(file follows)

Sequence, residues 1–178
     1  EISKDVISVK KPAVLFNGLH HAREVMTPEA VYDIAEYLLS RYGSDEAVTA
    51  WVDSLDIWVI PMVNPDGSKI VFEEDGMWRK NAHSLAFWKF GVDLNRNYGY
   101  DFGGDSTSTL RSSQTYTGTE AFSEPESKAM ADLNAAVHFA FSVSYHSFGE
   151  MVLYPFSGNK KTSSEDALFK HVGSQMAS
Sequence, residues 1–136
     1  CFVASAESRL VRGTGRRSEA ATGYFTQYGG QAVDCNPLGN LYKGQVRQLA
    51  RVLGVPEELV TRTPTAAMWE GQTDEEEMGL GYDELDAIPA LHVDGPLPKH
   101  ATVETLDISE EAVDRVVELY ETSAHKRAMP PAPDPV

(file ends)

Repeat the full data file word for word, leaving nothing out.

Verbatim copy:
Sequence, residues 1–178
     1  EISKDVISVK KPAVLFNGLH HAREVMTPEA VYDIAEYLLS RYGSDEAVTA
    51  WVDSLDIWVI PMVNPDGSKI VFEEDGMWRK NAHSLAFWKF GVDLNRNYGY
   101  DFGGDSTSTL RSSQTYTGTE AFSEPESKAM ADLNAAVHFA FSVSYHSFGE
   151  MVLYPFSGNK KTSSEDALFK HVGSQMAS
Sequence, residues 1–136
     1  CFVASAESRL VRGTGRRSEA ATGYFTQYGG QAVDCNPLGN LYKGQVRQLA
    51  RVLGVPEELV TRTPTAAMWE GQTDEEEMGL GYDELDAIPA LHVDGPLPKH
   101  ATVETLDISE EAVDRVVELY ETSAHKRAMP PAPDPV